MINNEAPOLIS - Randy Moss wanted so badly to make a triumphant return to Minnesota.
He wanted to put on a show for the fans who supported him so steadfastly during his seven years here, and greeted him so warmly Monday in his first game at the Metrodome since the Vikings traded him to Oakland before last season.
Instead, Moss endured a frustrating night and voiced his displeasure with both coach Art Shell for the way he benched the receiver and the Vikings organization that shipped him away.
Moss had one catch for 16 yards and Aaron Brooks looked ragged again in the Raiders’ 16-13 preseason victory.
“I just wanted to come in and see the fans and give them something really to scream about because I’ve had my fun here in this Metrodome and they’ve had theirs, too,” Moss said. “That’s one thing I really just wanted to come back and just give back to the fans. The organization? To hell with them.”
Moss, who lit up the Metrodome in the first seven years of his career, started the night with a feet-stomping tantrum after Brooks didn’t see him wide open in the end zone. He said he was angry because Brooks got flushed to the right while Moss was on the left and didn’t fault the quarterback for not getting him the ball.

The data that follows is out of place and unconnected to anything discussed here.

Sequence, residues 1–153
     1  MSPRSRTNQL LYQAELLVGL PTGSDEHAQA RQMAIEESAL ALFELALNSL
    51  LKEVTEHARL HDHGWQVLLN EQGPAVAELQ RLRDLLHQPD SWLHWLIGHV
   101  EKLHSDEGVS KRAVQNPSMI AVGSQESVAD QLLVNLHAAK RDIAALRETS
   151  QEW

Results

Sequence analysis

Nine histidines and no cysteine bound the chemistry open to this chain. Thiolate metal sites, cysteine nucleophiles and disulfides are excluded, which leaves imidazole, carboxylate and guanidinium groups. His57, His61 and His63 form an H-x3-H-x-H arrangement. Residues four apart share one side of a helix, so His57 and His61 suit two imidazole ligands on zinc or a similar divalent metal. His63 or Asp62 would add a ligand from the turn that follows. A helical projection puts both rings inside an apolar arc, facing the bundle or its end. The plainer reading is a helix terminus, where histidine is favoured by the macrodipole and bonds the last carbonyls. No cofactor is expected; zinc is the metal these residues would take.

After making his only catch against second-team cornerback Dovonte Edwards in the second quarter, Moss was pulled. Moss stormed off the field and threw his helmet in disgust, stewing on the bench for the rest of the game.
“I was just more ticked because I’ve never in my career been taken out of a game, preseason, during a drive,” Moss said with a puzzled tone. “It’s funny to me. I don’t call the shots. I guess I just go back to the drawing board.”
That’s a good plan for the entire Raiders offense.
Brooks finished 1-for-6 for 16 yards and was sacked twice by the new-look defense, which held the Raiders to no first downs and just 15 yards in one quarter of work.
Brad Childress made his debut as Vikings coach, and the West Coast offense he brought from Philadelphia is the antithesis of what Minnesota fans saw when Moss was in purple. Those teams lived off the big play, while the new Vikings will rely on short passes and a ball-control running game.
Brad Johnson was 5-of-6 for 32 yards for the Vikings, who scored their only TD in the first quarter on new fullback Tony Richardson’s 3-yard run. Ryan Longwell added two field goals, but missed a 55-yarder that would have tied it in the fourth period.
“I’ve gotten nervous before every game I’ve ever coached, and this was no different,” said Childress, who has never been a head coach at any level. “It’s nice to look out at that panorama, but you have to get right back on task.”
The night was all about Moss, who made the Vikings one of the most dangerous offensive teams from the minute he arrived in 1998. Those Vikings were defined by the deep pass to Moss, which helped them reach an unprecedented level of popularity in the state.
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